Salvation Army Kiosk
by Chris Sorrenti
A bag of clothes sits waiting in a chair
By the front door
Destined for the Salvation Army kiosk
At the local plaza
Shirts and pants still in good condition
Either no longer my style
Or too tight in the waist
I think of all the people I’ve met
Things I’ve done
While wearing them
The lives I’ve influenced
Possibly even changed
And as a result
How those shirts and pants changed me
But most of all
I think of the many like me
Who’ll be dropping off clothes today
To the Salvation Army kiosk
Wondering who will end up wearing them
And of the lives they could still influence
620 hits as of February 2020
Author's Note: A year or so after I wrote this, the Salvation Army dismantled all the kiosks across the city, after several had been torched by one or more arsonists, who I believe were never caught. Another sad reminder of the times we live in. With a phone call, the SA will however still come and pick up bags of clothes from one’s front door.
Posted on 09/15/2013
Copyright © 2020 Chris Sorrenti
|Member Comments on this Poem|
|Posted by Shannon McEwen on 09/15/13 at 06:55 PM|
love this, I`m actually looking at my bag of donations right now.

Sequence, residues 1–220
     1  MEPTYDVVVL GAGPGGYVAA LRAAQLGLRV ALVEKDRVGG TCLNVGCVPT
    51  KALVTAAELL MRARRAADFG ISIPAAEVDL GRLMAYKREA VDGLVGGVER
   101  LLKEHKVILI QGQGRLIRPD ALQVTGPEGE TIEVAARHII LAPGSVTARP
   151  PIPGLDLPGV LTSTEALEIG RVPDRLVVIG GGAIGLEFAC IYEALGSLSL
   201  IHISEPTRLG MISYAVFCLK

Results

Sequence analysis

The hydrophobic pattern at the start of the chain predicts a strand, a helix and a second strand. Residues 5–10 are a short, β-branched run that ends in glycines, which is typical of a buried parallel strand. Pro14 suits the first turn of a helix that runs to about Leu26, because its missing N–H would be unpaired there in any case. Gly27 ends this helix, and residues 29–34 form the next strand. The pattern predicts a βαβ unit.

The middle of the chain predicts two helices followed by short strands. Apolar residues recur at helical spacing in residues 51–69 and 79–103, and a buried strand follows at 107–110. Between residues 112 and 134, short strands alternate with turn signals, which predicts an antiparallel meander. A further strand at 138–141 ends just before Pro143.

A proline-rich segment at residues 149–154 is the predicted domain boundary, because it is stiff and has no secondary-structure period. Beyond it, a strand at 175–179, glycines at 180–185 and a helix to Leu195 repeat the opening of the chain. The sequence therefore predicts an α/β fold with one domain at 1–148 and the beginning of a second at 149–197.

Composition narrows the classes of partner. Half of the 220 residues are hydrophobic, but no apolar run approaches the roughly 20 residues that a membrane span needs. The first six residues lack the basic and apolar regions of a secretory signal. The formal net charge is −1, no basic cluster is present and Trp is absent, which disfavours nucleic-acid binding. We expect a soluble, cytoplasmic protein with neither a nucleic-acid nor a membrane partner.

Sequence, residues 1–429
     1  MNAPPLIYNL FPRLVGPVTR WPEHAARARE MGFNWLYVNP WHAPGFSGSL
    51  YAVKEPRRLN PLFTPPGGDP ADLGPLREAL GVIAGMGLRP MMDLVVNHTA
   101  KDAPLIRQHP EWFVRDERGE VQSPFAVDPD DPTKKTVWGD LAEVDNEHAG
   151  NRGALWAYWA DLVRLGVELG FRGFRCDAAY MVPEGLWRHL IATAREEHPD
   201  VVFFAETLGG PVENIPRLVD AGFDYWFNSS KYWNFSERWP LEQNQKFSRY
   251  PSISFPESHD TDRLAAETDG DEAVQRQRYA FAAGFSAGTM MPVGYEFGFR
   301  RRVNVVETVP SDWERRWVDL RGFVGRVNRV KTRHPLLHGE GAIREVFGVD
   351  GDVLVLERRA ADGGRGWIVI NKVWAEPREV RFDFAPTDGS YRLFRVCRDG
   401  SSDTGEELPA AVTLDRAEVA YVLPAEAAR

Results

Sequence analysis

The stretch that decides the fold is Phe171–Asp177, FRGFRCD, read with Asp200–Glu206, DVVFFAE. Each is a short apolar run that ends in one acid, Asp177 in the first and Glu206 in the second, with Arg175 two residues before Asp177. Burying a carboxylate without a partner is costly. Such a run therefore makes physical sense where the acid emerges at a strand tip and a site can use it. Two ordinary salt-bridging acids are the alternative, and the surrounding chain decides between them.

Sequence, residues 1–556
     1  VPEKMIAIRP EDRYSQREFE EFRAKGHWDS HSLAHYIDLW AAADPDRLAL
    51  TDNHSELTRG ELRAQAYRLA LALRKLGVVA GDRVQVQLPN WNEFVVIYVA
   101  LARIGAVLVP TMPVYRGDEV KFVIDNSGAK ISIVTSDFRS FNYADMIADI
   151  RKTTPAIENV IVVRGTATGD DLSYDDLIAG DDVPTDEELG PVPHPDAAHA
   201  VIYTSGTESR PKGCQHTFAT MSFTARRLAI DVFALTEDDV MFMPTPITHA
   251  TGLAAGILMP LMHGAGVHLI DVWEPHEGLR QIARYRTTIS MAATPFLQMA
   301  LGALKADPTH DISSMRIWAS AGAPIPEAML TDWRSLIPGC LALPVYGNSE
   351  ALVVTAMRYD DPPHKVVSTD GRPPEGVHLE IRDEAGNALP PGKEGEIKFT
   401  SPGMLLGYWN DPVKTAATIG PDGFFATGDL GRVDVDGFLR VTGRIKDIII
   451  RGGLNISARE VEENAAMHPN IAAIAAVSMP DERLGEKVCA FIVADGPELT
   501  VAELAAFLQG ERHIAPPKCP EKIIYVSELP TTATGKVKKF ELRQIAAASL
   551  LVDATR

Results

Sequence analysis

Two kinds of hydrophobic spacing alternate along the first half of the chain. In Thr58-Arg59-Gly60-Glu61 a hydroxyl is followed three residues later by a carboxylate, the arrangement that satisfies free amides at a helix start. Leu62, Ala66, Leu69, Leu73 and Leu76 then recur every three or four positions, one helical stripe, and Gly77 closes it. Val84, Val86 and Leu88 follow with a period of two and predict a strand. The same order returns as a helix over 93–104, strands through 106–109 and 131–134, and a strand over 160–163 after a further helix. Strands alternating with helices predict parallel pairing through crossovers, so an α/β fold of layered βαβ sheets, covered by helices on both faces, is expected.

Not sure if it is deliberate, in S1 you wrote waste, not waist:)
|Posted by Kris Mara on 09/16/13 at 12:28 AM|
I think there's a movie in there...the lives of not only the people in the clothes and the lives they touch, but the lifespan of the clothes themselves, moving through each wearer's life...interesting perspective...makes me think of how I get so sentimentally attached to certain items of clothing -- seems silly, but maybe not so silly after all. You've always had a way with words that gets into your reader -- great storytelling, great sentiment expressed with honesty.
...and truly a sad note at the end...
|Posted by Linda Fuller on 09/26/13 at 08:37 PM|
They say, or used to anyway, that clothes make the man. From an early age I developed emotional attachments to clothing, as well as to other inanimate objects. Recently, divesting myself of years of accumulation has become easier, and it is interesting to imagine these items in others' possession - will they derive the same pleasure as did I? I like your poem very much.